The New York Times leads with the furious street rioting in Taipei, Taiwan, of Nationalist Party members unhappy over Saturday's election results that brought an end to the party's 50+ years of presidential power. The lightning rod for all the furor, defeated President Lee Teng-hui, responded, says the paper, to rampant calls for his resignation by agreeing to step down from his post of Nationalist Party chairman a year ahead of schedule. The Los Angeles Times, which fronts the Taiwan developments, goes instead with precautions being undertaken by states' attorneys general out of a concern that a looming colossal damage award in a Florida class-action case could prompt the tobacco manufacturers to declare bankruptcy, thus stopping the flow of 1998 tobacco settlement money to numerous states. The top non-local story at the Washington Post is one of the first detailed wash-ups of Friday's mass suicide of members of a Ugandan apocalyptic cult, a story carried inside elsewhere. The Post says initial forensics indicate a death toll of at least 330. Although the cause of death for most appears to have been fire, some corpses were found, says the paper, that were not burned, and are presumed to have been already dead (but the cause is presently unknown) at the time the gas-fueled fireball swept the cult's main building. USA Today puts Uganda inside and leads with the Senate's addressing of campaign-finance reform this week, fueled perhaps to new levels of intensity by the return of John McCain. (For some other McCain developments, click here.)
The NYT, in an inside story, also notes the concern states have about tobacco companies declaring bankruptcy, but in addition observes that the companies have in several states spearheaded the passage of bills that, although not specific to tobacco companies, would serve to temporarily shield tobacco industry assets, by limiting the standard financial requirements binding on a defendant company while it appeals a damage award.
The Wall Street Journal front-page news box is topped with a report saying that pistol-maker Glock is likely to follow Smith & Wesson in accepting sweeping restrictions on its business practices in return for protection from government handgun lawsuits. The story notes that the company relies heavily on sales to police departments and hence would be particularly vulnerable to a new strategy of some federal and local law enforcement agencies: preferring to buy guns from companies that sign the sort of agreement Smith & Wesson did. The NYT runs a story inside that says that those endorsing the new buying strategy are HUD and the mayors of Atlanta, Detroit, and Miami-Dade County. The WSJ story says that despite the gun industry's widespread condemnation of S&W's move, executives of several companies were privately discussing how they might open lines of communication with the White House.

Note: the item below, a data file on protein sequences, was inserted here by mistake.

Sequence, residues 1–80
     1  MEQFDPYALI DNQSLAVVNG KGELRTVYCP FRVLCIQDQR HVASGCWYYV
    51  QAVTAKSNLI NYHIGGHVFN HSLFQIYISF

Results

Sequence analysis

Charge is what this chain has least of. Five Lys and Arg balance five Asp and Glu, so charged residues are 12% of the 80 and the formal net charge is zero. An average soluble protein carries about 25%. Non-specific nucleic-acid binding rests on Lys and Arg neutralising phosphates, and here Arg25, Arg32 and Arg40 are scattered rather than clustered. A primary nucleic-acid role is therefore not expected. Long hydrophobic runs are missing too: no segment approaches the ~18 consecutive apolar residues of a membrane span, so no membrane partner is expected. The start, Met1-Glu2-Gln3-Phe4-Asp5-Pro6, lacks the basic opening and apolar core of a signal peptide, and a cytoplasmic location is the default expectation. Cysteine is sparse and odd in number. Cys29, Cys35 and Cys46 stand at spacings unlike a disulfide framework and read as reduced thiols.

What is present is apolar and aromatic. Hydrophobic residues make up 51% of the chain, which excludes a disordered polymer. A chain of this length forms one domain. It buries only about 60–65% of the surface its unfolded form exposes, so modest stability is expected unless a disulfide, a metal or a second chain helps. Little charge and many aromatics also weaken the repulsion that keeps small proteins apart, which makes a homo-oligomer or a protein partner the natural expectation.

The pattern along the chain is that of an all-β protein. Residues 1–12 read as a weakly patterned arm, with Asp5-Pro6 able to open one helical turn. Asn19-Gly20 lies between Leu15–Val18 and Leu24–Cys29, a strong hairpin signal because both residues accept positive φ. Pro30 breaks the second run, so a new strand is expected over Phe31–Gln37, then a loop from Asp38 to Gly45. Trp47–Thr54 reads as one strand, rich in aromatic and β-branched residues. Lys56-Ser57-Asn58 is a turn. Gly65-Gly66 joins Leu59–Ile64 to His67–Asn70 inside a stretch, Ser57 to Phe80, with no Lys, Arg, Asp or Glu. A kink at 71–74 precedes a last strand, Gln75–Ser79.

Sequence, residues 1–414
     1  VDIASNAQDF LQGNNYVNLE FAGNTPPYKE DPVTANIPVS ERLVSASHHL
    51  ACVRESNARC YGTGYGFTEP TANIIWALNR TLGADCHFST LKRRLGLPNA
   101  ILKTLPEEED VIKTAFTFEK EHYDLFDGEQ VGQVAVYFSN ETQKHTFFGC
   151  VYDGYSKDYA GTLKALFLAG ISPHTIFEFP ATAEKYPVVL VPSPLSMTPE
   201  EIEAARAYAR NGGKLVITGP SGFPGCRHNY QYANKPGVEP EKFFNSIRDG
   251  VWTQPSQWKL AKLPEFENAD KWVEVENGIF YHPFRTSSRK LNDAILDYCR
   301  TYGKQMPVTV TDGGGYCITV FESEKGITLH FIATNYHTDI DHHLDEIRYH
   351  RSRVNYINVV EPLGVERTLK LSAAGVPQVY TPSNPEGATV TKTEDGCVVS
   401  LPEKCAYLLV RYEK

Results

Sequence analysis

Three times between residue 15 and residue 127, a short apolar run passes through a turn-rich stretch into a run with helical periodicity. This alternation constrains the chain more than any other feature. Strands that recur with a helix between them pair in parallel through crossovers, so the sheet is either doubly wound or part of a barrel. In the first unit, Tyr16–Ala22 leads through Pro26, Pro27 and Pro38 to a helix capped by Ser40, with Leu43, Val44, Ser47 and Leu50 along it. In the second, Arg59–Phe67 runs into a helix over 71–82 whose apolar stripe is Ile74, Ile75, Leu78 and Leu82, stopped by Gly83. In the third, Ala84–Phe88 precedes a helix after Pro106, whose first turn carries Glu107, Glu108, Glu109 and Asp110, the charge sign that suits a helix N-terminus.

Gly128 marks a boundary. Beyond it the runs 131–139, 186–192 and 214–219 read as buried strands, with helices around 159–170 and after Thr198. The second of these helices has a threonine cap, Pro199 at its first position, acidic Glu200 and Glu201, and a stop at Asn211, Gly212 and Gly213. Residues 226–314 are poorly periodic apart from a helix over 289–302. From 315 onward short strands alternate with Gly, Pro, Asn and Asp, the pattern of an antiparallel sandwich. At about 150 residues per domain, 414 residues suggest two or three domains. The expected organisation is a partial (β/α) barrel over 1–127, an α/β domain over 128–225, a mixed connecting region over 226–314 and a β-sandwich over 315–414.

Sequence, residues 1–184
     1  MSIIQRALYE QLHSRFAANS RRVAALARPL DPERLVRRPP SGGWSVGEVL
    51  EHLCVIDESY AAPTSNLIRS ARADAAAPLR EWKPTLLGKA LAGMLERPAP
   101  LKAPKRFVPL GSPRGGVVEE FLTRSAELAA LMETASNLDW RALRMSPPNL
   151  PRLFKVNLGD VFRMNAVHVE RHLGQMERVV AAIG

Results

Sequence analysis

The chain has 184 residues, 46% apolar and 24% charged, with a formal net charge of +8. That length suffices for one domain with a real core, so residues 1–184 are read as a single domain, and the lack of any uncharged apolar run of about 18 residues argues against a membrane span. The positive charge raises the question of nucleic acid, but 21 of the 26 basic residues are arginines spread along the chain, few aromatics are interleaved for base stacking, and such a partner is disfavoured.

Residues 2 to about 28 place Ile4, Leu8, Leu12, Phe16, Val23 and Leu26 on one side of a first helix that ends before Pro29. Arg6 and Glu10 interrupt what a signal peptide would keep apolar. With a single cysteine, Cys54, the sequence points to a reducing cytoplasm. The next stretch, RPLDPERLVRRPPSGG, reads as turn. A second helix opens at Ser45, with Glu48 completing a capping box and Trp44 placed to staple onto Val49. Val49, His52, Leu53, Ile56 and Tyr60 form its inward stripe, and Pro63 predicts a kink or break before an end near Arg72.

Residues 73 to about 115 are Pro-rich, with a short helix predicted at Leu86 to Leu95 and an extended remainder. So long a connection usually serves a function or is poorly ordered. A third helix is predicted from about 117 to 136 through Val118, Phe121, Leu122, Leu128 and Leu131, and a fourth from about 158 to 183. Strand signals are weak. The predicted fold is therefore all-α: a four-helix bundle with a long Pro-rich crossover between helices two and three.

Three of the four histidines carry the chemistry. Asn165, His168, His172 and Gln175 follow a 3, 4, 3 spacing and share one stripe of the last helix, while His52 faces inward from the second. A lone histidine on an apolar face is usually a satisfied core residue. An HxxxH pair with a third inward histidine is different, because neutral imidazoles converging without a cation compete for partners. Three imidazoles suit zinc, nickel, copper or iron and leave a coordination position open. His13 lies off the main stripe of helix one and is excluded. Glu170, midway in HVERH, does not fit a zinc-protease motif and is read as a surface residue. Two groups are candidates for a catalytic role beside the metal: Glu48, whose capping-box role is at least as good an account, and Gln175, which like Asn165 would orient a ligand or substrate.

USAT is alone in fronting Ken Starr successor Robert Ray's Sunday announcement that his office is considering whether President Clinton should face criminal charges after he leaves office for statements he made in connection with the Monica mess.
The LAT fronts an upcoming protest by gay and lesbian groups against Paramount for its plans for a fall TV show hosted by Dr. Laura Schlessinger, who has angered the groups with her radio show descriptions of homosexuality as "deviant" and a "biological error." Curiously, the generic-to-the-max headline over the story--"TV PROGRAMMING UNDER FIRE FROM NEW QUARTERS"--mentions neither Schlessinger nor gays.
The LAT op-ed page is topped by an essay from President Clinton, who is already in Bangladesh as part of a 10-day tour of South Asia, explaining the importance of South Asia to democracy and world peace. Today's Papers senses a shrewd media placement by the White House; this comes here, rather than in the NYT or WP, just days after a proposed absorption of the LAT by the Chicago Tribune excited fears that the LAT would become a second-tier paper.
The LAT reports that the 53 of the 55 missing Oscars were found in a dumpster in Los Angeles Sunday night.
The NYT, in reporting on the new trend of newspapers teaming up with TV and Web outlets to expand news coverage, seizes on an example of a business story first "breathlessly" broadcast as an "exclusive" by a WSJ reporter on partner CNBC's air and then run inside and short at the paper the next day because there really wasn't anything to it. Today's Papers wonders how long it will be before the WSJ will note a similar problem with a story a Times reporter does on ABC as part of that new relationship. Or--we may be talking a really long wait here--before the Times does.